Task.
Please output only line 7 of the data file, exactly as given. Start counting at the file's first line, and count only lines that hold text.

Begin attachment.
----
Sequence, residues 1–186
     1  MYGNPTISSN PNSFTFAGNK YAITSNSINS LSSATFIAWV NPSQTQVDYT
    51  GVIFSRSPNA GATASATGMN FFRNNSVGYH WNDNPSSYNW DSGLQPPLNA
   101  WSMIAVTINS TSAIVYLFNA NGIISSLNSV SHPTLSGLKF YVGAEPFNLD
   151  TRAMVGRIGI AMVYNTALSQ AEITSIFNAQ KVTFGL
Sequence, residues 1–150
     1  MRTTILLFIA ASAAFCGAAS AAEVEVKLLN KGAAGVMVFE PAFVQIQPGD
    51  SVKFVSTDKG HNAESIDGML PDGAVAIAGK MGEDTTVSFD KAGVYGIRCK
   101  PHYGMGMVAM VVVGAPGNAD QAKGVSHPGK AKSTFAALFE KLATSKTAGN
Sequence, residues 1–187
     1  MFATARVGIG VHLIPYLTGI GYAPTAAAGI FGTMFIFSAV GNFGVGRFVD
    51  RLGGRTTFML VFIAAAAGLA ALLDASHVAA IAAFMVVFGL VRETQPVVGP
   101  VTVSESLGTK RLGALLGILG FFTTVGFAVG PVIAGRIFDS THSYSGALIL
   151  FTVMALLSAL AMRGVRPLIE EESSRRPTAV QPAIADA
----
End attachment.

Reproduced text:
     1  MRTTILLFIA ASAAFCGAAS AAEVEVKLLN KGAAGVMVFE PAFVQIQPGD